Garlic is reputed to be one of the most beneficial spices/condiments, man has known because of its ability to reduce serum cholesterol, when consumed regularly. As many do not like the intense smell native to garlic, there is considerable resistance in adopting it as a regular component of the diet consumed every day. The lingering strong body odor that refuses to fade away from the body quickly makes the situation worse. Garlic derives its characteristic aroma from the break down products of the chemical Allicin which is considered to be beneficial for reducing cholesterol build up in the arteries and lessen the chances of risk of stroke and heart attack.
Now it turns out that garlic also happens to be one of the significant food components possessing powerful anti oxidant activity, though it does not boast of levels of traditionally well established anti oxidants like flavonoids that are known to be present in green tea, grapes and many other plant sources in abundance. Anti oxidant organic compounds when ingested are able to neutralize the damaging effects of free radicals generated at the tissue level and prevent cell damage. If some of the recent reports are to be believed, Allicin, derived from Alliin aminoacid by the action of Allinase enzyme during crushing of the garlic cloves is the active principle responsible for the anti oxidant activity, though the precise mechanism is not yet known. As Allicin is not very stable, it is presumed that some of the metabolic products of Allicin could be the real substances that trap the oxy radicals. On the other hand Allixin, a non-sulfur containing compound has been suggested as the active principle with significant anti-oxidant activity and therefore the ability of garlic to fight against cancer is attributed to this substance at least by some experts.
In spite of the divergence of opinion, Allicin has been shown to be active against stomach cancer by several studies. Use of pure Alliin and allicinase enzyme in conjunction with Rituxymab antibody has been demonstrated to be able to kill cancer cells confirming that Allicin can also be effective against some cancer forms. Sulfenic acids, break down products of Allicin have been found to be effective in trapping free radicals. Besides its anti cancer property, Allicin is also known to have other beneficial effects like reducing atherosclerosis, decreasing fat deposition in the body, normalizing lipoprotein balance, decreasing blood pressure and is anti thrombotic and anti inflammatory.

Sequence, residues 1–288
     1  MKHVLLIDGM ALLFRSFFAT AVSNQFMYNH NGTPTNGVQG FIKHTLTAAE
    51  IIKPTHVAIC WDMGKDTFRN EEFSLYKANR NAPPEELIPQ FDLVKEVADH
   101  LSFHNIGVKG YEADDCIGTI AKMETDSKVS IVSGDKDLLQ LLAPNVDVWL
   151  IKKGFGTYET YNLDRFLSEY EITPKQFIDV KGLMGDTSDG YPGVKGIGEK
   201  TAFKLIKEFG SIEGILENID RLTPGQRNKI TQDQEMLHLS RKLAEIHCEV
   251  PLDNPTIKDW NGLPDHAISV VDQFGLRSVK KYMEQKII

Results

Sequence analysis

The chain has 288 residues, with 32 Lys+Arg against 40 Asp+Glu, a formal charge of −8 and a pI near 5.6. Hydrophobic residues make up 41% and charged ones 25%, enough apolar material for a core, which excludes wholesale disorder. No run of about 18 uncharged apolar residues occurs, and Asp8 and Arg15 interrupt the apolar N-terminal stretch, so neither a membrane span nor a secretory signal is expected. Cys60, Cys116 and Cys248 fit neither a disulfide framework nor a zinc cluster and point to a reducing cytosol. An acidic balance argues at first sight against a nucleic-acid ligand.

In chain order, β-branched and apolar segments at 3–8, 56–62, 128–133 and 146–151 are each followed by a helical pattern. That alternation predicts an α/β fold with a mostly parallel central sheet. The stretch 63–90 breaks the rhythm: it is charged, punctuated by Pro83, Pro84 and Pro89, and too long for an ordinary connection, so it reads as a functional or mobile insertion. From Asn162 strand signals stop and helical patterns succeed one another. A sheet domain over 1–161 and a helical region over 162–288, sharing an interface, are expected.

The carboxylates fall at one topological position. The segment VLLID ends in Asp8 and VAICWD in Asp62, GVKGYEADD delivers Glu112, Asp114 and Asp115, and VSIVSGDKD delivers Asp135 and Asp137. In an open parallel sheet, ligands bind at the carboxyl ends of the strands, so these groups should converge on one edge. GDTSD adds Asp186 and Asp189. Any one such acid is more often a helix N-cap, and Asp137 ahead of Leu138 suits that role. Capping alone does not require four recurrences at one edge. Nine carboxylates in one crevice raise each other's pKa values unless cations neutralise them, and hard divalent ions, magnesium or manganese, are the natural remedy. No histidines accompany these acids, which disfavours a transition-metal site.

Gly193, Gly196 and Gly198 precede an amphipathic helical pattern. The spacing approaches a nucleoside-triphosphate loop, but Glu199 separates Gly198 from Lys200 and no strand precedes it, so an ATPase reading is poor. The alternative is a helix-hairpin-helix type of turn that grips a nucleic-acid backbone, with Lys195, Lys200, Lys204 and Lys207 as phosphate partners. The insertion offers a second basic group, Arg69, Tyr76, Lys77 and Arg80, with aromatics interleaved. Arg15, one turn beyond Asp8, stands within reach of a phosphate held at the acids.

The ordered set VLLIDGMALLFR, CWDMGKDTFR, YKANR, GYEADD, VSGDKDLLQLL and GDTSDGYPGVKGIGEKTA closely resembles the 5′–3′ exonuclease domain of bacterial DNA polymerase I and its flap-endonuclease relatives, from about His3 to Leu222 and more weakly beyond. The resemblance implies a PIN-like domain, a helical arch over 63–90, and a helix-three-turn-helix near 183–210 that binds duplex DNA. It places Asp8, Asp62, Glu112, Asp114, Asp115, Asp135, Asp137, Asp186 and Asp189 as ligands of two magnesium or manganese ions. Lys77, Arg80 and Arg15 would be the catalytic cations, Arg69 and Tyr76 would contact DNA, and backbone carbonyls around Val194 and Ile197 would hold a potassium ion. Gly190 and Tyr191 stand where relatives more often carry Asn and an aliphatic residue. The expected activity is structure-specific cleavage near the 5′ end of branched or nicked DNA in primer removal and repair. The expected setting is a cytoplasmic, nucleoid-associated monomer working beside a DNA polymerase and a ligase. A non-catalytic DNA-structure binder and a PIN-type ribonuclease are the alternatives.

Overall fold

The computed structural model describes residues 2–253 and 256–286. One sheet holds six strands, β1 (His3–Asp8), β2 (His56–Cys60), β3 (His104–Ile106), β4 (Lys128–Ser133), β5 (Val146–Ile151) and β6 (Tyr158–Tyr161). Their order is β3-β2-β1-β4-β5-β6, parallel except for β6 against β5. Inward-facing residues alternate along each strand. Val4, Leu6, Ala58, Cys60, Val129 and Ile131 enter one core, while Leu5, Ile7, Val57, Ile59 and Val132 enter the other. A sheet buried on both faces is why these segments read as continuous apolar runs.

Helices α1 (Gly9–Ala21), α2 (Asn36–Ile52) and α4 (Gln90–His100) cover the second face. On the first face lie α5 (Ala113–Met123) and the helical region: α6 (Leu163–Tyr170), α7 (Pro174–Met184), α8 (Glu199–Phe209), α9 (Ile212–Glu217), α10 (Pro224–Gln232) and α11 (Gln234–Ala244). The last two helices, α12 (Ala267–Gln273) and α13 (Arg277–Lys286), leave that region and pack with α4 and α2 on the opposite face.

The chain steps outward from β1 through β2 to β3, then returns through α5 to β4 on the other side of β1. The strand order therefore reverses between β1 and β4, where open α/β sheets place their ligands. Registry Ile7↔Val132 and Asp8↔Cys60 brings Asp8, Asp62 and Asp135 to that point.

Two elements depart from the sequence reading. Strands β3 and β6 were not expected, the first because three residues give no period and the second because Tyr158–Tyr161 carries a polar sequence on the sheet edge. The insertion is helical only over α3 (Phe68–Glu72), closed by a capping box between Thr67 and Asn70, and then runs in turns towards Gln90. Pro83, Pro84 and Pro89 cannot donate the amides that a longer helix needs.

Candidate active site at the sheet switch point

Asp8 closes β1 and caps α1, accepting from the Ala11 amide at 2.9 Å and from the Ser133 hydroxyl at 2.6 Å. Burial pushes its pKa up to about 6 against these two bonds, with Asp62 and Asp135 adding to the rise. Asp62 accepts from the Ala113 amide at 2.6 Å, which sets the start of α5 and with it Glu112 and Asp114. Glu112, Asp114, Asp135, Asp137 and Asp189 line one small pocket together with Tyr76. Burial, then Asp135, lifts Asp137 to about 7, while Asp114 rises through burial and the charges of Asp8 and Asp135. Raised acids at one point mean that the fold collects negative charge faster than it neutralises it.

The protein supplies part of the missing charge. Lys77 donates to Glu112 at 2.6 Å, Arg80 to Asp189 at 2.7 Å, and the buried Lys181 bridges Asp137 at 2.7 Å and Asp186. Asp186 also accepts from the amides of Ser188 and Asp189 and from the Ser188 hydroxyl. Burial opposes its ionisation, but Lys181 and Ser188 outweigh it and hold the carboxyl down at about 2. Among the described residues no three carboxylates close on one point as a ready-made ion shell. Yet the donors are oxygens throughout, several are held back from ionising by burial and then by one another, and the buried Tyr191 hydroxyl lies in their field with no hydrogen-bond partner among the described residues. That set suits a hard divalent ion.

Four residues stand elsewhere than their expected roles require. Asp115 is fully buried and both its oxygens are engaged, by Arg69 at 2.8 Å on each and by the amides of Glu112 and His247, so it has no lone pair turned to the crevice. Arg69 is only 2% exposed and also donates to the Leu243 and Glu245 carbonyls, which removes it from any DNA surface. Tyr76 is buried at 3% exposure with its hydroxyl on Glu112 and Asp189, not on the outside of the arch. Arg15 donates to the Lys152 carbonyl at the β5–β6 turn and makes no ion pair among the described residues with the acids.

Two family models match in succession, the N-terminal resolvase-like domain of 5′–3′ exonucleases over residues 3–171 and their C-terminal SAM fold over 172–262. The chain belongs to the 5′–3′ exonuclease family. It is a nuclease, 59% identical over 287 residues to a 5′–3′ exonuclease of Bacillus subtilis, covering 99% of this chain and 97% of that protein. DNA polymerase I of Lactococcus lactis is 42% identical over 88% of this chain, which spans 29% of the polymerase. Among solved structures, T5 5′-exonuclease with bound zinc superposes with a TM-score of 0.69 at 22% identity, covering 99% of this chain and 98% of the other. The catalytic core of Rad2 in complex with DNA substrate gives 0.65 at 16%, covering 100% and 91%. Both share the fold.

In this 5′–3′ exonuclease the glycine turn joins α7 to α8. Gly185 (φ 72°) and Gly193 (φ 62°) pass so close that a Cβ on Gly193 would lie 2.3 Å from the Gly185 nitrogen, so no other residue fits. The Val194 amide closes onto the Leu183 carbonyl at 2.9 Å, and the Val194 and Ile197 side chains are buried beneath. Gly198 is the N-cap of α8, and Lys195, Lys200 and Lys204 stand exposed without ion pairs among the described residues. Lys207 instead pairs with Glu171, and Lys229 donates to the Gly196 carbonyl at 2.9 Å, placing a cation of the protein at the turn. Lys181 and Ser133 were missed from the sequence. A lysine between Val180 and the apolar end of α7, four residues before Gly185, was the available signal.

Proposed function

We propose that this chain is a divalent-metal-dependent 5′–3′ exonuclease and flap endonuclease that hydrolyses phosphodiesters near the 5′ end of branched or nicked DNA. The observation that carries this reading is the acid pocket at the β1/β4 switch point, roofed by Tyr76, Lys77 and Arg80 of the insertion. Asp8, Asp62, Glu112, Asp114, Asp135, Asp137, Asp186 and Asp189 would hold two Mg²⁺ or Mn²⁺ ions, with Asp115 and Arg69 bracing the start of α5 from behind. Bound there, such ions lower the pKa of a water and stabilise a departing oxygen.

Allistatin I and II are bioflavonoids, present in garlic with antibiotic properties against many viral and bacterial infections. Their effectiveness against Sstaphylococcus and E.coli are well established and the activity exhibited by them is more powerfull than many antibiotic drugs used to fight infections in allopathy. In some countries garlic is an accepted remedy for whooping cough and influenza infections. Besides garlic also contains other bioflavonoids like quercitin and cyanidins with health promoting properties which cannot be ignored. The established credentials of garlic as a health protecting food adjunct have helped food technologists to evolve technologies for preparing biologically active products from this source. Tendency of Allicin to decompose in concentrated form has been overcome by suitable dilution and drying to get active powder preparations with its activity stabilized. Unless the tissue structure is disrupted Alliin and Allinase cannot react to gether to form Allicin and such a preprocessing step is a prerequisite for obtaining effective end products. While Allicin is responsible for the pungency in garlic, di allyl sulfide, a break down product from Allicin contributes to the strong aroma.
Hundreds of garlic based products being marketed with tall claims are not subjected to any statutory control and consumers are at their wits end to decide about their choice. One of the most prevalent types of misleading information is to use the term 'Allicin equivalent' on the label. Allicin is not readily present in garlic and not only it is unstable, its formation is dependent on enzyme Allinase which must be present in such products. The USP standards require garlic powder preparations to contain Alliin not less than 0.3% in dry weight basis. Expressing Allicin value in terms of 'Allicin releasing' potential is considered more useful and reliable for consumer guidance. Probably it is time now to evolve enforceable standards in India for different garlic products based on the levels of some of the active principles which may be easy to measure in analytical laboratories and to insist on mandatory labeling to make the products transparent in terms of the health attributes.